The U.S. flag is a deeply meaningful symbol of the nation, and plays a role in national holidays, public funerals, military displays and response to national tragedies. The Flag Code, which dates from 1924, outlines the formal etiquette for the U.S. flag for civilians; it is not law, so legal penalties do not result from failure to observe its guidelines. The federal government issues laws that govern flag use at U.S. government facilities, such as post offices, after the deaths of public figures.
The term “half-staff” means the flag flies from halfway up the flagpole, not its usual position at the top. The National Flag Foundation outlines special steps for achieving proper half-staff display. To fly a flag at half-staff, first raise it to the top of the flagpole, then lower it halfway; before lowering the flag at night, again raise it to its highest position, then lower it. Flying a flag at half-staff honors the dead, but raising it fully at the beginning and end of the day honors the flag itself.
The half-staff protocol demonstrates respect for government officials, present or former, who have died. The U.S. Code specifies that this honor is accorded to “principal figures of the United States Government”; it may also be accorded to state or territorial officials, at the discretion of the governor of the state or territory. The mayor of the District of Columbia has the same authority to call for half-staff flag displays in his jurisdiction as do state governors. The flag flies at half-staff for 30 days after the death of a president and 10 days for the death of a vice president, Speaker of the House or Chief Justice of the Supreme Court; for most other officials, including governors and associate justices of the Supreme Court, the flag flies at half-staff between the day of death and the internment.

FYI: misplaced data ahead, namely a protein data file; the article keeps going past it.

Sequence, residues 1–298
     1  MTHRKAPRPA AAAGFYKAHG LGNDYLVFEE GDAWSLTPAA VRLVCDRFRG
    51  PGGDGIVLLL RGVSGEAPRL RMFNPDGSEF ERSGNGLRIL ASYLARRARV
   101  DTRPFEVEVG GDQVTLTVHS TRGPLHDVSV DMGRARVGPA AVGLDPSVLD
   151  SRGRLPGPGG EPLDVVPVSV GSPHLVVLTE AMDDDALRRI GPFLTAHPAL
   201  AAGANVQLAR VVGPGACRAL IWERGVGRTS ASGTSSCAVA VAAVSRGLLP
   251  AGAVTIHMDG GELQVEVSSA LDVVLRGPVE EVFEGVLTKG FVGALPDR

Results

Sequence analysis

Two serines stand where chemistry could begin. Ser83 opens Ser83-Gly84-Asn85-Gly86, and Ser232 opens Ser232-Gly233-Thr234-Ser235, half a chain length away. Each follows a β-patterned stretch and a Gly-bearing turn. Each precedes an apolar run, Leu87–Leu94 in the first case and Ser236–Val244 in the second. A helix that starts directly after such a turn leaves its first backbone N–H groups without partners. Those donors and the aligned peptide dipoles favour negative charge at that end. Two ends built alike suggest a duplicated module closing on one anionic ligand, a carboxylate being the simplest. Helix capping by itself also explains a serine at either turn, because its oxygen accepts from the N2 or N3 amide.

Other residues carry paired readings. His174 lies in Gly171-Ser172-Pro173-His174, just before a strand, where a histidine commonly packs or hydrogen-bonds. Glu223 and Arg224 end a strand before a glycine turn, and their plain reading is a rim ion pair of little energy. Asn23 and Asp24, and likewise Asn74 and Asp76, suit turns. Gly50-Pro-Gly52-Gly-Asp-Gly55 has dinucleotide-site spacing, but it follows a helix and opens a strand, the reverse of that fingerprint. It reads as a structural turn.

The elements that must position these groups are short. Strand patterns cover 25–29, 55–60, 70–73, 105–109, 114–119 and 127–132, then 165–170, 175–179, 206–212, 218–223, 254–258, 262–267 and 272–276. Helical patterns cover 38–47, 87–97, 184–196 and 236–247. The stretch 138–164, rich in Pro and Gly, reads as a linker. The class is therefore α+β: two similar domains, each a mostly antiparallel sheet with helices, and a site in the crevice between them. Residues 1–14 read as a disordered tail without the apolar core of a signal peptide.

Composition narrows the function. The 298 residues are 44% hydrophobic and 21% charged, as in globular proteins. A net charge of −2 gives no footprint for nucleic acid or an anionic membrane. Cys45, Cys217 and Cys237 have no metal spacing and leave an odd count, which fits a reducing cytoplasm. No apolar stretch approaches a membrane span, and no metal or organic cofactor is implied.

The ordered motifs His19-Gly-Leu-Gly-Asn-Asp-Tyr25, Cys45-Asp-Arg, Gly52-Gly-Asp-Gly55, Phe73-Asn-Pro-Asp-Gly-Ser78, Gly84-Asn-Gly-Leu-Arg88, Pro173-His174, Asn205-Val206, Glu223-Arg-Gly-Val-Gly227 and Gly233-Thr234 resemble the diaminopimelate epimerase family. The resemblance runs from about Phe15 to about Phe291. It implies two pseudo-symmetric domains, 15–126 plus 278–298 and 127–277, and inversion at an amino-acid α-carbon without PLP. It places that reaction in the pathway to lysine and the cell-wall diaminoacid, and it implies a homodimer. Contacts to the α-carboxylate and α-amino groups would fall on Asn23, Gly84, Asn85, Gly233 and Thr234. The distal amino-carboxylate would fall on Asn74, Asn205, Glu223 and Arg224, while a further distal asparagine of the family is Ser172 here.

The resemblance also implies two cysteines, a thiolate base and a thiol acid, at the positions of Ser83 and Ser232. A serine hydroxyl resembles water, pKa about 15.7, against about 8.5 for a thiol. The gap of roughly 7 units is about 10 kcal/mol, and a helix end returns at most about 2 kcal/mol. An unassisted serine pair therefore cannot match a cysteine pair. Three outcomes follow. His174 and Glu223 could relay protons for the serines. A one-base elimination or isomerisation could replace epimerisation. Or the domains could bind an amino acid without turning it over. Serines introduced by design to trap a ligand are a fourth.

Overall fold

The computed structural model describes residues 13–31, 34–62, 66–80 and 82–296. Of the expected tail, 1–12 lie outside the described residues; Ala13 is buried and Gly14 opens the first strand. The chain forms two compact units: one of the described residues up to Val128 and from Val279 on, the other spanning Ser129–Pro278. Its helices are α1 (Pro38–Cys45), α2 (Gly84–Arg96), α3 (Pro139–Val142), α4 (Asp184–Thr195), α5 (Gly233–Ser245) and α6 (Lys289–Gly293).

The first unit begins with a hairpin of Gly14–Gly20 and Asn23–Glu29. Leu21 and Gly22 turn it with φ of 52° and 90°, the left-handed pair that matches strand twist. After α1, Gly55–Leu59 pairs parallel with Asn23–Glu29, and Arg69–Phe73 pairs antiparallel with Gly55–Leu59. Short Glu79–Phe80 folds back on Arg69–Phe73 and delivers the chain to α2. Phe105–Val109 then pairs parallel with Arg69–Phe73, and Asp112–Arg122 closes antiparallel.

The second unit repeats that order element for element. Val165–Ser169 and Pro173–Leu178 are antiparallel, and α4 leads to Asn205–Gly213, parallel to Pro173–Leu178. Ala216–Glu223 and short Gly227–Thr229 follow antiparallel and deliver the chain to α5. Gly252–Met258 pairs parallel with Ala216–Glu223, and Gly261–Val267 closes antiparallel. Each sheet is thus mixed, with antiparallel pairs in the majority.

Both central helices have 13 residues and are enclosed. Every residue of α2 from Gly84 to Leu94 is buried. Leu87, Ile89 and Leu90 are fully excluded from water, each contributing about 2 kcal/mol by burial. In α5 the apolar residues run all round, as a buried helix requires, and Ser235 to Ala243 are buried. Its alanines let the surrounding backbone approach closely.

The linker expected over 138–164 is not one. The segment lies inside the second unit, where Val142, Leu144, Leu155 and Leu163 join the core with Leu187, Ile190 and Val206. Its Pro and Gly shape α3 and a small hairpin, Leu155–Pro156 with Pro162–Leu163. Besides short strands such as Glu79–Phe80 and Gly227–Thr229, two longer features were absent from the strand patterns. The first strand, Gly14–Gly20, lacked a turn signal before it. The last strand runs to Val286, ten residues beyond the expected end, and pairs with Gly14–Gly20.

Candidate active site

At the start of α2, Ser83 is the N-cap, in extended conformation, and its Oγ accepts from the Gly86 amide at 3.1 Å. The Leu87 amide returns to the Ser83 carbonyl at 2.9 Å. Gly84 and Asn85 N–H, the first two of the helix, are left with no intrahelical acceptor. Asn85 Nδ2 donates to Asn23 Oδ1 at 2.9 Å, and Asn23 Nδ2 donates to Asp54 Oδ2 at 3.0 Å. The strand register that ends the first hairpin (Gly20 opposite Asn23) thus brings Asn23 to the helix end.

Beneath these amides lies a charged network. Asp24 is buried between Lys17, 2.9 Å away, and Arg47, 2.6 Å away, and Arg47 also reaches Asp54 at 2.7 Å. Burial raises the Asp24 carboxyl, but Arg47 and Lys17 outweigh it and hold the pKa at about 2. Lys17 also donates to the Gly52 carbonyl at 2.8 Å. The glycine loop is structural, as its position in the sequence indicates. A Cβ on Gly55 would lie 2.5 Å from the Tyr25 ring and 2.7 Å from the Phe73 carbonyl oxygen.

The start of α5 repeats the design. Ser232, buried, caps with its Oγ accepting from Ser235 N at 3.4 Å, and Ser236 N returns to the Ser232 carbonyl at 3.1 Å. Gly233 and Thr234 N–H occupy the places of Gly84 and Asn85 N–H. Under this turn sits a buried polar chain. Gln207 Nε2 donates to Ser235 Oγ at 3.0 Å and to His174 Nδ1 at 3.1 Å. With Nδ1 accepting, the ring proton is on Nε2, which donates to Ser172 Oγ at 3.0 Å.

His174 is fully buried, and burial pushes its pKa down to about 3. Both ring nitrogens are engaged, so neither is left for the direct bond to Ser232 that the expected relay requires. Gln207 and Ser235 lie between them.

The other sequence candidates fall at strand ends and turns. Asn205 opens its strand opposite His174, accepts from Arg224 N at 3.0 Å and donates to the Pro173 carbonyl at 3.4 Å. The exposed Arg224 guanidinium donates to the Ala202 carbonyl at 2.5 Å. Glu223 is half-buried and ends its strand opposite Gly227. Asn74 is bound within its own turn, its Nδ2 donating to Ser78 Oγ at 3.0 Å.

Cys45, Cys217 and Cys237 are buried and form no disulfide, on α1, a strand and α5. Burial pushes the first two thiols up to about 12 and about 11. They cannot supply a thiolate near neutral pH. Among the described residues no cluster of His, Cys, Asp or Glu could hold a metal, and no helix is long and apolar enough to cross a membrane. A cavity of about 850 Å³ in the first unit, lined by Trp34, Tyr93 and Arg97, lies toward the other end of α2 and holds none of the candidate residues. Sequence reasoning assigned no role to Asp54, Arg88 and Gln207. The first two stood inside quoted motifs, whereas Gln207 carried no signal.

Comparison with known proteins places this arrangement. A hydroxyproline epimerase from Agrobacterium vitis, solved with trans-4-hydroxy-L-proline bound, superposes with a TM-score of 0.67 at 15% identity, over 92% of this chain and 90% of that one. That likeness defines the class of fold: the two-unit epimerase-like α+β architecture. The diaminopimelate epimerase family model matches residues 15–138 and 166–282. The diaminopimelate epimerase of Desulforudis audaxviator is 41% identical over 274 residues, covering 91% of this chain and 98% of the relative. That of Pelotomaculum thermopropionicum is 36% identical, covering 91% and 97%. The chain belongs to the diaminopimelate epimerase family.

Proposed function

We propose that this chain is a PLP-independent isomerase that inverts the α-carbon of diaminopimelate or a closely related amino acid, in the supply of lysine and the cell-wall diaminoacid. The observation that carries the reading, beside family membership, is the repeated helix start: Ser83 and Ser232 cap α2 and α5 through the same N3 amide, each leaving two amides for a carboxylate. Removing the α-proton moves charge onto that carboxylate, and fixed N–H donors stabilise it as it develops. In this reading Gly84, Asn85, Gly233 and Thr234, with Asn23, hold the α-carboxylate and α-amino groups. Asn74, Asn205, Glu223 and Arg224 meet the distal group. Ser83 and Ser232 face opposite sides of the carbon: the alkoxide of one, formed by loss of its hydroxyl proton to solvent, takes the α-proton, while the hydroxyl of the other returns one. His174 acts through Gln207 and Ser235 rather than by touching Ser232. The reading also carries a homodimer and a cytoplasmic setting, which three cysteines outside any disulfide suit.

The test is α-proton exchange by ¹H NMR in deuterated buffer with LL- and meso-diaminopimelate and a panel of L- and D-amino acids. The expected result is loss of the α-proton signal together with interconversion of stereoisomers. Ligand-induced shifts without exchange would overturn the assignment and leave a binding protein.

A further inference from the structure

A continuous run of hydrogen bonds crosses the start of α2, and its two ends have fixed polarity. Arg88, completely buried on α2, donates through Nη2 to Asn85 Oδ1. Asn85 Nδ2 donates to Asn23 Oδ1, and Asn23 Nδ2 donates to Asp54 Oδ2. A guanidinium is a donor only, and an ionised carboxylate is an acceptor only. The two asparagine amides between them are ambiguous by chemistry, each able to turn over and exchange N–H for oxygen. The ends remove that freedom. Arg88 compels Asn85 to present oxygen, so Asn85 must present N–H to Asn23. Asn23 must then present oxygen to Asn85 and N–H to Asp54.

When the death to be honored is not an American official but a foreign leader, diplomat or other dignitary, U.S. flags may still honor the occasion. In these cases, however, the president must specifically authorize a half-staff display; such displays may also be called for informally, as long as they do not conflict with existing law. This honor falls to the president’s discretion; flags were not officially flown at half-staff for the 2013 death of former U.K. Prime Minister Margaret Thatcher, for instance, although the president did issue a formal statement of mourning. The flag was flown at half-staff after the 2005 death of Pope John Paul II, however.
Just as the president can authorize flying the flag at half-staff for foreign dignitaries, he can also authorize it for leading American political figures who did not hold formal office. President George W. Bush extended this honor to civil rights leaders Rosa Parks, in 2005, and Coretta Scott King, in 2006. In both cases, the flags were flown at half-staff for a single day, the date of their internment.
- National Flag Foundation: U.S. Flag Code Description
- National Flag Foundation: Proper Flag Etiquette, Half-staff Displays
- Cornell University Law School, Legal Information Institute: 4 USC § 7, Position and Manner of Display
- The White House, Office of the Press Secretary: Statement from the President on the Death of Baroness Margaret Thatcher; Barack Obama
- The White House, Office of the Press Secretary: President Bush Orders Flags Flown at Half Staff in Honor of Pope John Paul II; George W. Bush
- The White House, Office of the Press Secretary: Presidential Proclamation, Death of Rosa Parks; George W. Bush
- The White House, Office of the Press Secretary: Presidential Proclamation, Death of Coretta Scott King; George W. Bush
- Christian Petersen/Getty Images News/Getty Images